Sunday, January 31, 2016

Seen in Oklahoma (on the small screen)

When we were choosing the films we'd watch in every state, much thought and research went into choosing the film for Oklahoma. So, I'm imagining the surprise and jaws a'droppin' when you learn we went with Oklahoma! The 1955 musical is as corny as an elephant's eye (I think that's how the lyrics go) but it still is fun, and it has a classic score. Very talented people were involved, though the star, Gordon MacRae, did very little else that anyone cares about. The director, Fred Zinnemann, won two Oscars (for From Here to Eternity and A Man for All Seasons), and Shirley Jones and Rod Stieger went on to win Oscars as well.

As for the Movie Churches angle, there's not much to be found in the film. Even when Laurey and Curly get married (SPOILERS!), the service doesn't seem to be performed by a member of the clergy. But one of the reasons I was happy to see it was that I was in the play in high school. (I played Jud Fry and, as I've tried to explain to many through the years, he's not a villain; he's just misunderstood.)

The real disappointment was to discover that the film was not filmed in Oklahoma but rather in Arizona (and California studios). But that's OK.

There are other films that use the state name in the title. There's Oklahoma Crude with George C. Scott and Faye Dunaway. But I haven't seen it.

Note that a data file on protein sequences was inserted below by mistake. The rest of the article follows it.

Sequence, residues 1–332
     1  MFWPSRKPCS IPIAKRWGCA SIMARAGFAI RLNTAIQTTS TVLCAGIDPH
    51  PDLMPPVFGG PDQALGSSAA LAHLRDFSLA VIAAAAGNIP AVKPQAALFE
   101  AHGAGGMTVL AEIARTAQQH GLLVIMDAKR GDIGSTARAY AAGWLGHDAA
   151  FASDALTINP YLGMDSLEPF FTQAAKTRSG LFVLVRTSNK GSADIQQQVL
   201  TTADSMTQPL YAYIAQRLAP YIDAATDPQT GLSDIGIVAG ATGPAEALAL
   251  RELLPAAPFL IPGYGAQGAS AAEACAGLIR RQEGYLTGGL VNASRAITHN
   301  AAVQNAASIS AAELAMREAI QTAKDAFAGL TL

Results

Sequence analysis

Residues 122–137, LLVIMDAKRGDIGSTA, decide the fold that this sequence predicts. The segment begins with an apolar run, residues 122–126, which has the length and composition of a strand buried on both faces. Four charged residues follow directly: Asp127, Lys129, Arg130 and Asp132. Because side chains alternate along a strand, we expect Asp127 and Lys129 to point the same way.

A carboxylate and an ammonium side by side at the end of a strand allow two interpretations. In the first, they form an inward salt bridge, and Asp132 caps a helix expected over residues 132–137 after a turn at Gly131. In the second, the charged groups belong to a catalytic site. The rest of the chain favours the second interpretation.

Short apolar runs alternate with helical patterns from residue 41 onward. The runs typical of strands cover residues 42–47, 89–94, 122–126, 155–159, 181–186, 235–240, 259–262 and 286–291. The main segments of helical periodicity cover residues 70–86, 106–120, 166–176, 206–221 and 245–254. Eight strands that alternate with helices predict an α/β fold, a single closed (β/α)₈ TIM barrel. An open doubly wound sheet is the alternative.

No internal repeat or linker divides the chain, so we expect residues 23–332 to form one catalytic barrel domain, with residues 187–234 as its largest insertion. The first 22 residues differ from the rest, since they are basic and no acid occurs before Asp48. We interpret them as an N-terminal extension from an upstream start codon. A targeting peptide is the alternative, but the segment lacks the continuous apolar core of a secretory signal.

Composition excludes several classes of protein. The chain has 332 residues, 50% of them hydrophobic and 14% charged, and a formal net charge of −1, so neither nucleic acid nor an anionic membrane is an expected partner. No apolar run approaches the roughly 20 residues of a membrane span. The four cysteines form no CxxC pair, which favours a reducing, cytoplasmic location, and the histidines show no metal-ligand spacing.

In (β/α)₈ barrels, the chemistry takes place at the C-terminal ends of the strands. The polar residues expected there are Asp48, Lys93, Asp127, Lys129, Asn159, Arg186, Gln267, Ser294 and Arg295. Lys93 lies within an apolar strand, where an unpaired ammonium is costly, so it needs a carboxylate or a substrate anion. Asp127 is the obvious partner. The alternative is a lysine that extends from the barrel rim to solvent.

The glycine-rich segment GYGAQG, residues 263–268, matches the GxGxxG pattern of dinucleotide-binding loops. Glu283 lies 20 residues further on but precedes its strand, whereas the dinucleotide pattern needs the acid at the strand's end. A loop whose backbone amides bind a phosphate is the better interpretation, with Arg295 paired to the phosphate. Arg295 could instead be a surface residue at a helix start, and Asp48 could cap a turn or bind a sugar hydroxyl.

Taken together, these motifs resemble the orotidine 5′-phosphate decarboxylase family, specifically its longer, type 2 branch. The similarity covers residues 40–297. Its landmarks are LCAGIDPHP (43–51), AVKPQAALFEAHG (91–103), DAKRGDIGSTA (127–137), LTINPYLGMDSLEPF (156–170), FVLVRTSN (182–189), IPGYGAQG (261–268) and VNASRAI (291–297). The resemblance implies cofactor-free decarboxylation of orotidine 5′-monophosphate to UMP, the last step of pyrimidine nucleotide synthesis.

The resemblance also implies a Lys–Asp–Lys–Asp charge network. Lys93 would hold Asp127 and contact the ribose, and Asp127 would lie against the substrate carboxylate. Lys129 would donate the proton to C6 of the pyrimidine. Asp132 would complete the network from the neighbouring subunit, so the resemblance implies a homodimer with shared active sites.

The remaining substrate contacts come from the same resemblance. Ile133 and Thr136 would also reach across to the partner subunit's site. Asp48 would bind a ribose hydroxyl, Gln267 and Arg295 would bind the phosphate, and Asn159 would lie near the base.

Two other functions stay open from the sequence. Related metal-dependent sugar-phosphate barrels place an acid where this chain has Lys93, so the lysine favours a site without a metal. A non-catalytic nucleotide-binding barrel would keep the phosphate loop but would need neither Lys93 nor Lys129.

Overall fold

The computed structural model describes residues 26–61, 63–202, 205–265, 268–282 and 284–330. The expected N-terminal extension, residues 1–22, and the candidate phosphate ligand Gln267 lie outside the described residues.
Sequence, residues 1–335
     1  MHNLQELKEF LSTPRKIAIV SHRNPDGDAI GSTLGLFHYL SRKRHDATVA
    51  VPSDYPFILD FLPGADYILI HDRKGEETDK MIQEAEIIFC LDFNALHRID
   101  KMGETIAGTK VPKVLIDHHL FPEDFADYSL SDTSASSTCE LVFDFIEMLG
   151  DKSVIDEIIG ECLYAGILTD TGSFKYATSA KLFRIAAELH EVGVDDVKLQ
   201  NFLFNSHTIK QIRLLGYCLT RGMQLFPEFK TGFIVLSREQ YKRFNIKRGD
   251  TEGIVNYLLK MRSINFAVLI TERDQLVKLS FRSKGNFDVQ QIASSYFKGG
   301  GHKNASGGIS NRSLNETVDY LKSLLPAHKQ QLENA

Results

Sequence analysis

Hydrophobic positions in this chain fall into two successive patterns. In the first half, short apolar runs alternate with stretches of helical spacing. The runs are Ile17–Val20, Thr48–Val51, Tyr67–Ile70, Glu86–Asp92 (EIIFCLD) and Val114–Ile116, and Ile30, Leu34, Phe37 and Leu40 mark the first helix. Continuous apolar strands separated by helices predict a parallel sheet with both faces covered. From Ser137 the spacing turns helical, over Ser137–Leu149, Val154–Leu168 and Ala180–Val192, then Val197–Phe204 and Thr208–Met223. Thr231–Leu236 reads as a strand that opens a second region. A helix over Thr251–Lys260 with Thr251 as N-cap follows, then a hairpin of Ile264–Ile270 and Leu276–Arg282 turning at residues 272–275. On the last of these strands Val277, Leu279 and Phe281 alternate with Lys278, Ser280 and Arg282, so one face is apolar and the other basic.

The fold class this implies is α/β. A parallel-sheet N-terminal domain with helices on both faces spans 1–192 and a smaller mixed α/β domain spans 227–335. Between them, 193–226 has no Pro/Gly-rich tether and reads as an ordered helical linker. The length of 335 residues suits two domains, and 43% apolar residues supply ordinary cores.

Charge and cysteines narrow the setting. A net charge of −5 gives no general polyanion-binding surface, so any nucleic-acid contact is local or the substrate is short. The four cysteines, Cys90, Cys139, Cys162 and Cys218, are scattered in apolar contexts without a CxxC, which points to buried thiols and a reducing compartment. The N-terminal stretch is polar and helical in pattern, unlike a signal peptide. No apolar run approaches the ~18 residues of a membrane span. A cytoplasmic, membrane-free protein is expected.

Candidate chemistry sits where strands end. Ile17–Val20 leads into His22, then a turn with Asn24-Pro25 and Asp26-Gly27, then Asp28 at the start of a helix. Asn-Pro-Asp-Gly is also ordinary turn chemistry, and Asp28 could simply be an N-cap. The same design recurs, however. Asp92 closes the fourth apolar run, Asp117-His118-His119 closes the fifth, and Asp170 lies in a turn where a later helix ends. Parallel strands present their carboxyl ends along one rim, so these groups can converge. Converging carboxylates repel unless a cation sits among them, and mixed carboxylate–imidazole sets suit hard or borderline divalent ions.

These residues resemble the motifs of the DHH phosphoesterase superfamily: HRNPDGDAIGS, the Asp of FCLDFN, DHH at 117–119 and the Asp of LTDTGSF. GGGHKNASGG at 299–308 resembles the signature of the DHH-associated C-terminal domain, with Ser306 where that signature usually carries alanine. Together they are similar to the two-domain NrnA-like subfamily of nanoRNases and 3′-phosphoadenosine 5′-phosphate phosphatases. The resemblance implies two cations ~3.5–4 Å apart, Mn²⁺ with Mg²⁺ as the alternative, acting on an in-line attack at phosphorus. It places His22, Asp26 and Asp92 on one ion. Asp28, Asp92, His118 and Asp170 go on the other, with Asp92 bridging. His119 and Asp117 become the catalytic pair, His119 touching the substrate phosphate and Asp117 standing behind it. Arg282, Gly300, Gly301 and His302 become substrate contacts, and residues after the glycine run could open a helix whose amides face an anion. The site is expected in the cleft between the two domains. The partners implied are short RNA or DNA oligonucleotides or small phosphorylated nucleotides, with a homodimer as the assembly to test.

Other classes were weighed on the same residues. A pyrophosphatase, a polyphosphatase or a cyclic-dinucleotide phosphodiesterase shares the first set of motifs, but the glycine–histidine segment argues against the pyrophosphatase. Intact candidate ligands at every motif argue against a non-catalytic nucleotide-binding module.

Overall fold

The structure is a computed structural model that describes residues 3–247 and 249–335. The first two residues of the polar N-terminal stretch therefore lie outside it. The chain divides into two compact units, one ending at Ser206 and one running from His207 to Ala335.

There's The Oklahoman, a western with Joel McCrea, but I haven't seen it either.

Someday I must see The Oklahoma Kid with the most incredibly unlikely Western stars, James Cagney and Humphrey Bogart, but I haven't yet. And none of them were actually filmed in Oklahoma.

I have seen Hang 'Em High, one of Clint Eastwood's first American-made Westerns, which is set in Oklahoma. But not filmed there. I've also seen Cimarron, the Western that won the 1931 Oscar for Best Picture. It also is set in Oklahoma but not filmed there and is boring as can be.

To find films set in Oklahoma and actually filmed in Oklahoma it's best to go to the world of juvenile fiction. Where the Red Fern Grows, based on the classic children's novel, is set and was filmed in Oklahoma (primarily Tahlequah). Several works by adolescent author S. E. Hinton were set and filmed in Oklahoma. You might wonder if the phrase "adolescent author" means a young author or an author who writes for young people. Both definitions apply to The Outsiders, which was written while the author was still a teen. Francis Ford Coppola (of The Godfather fame) adapted the novel to the big screen (as well as Hinton's Rumble Fish). And Disney adapted her novel, Tex, as a feature. All three films were set and filmed in Oklahoma.

But perhaps the greatest film set and filmed in Oklahoma is the masterpiece written by the great "Weird Al" Yankovic. Sadly, UHF still awaits the critical appreciation and public adoration it deserves.

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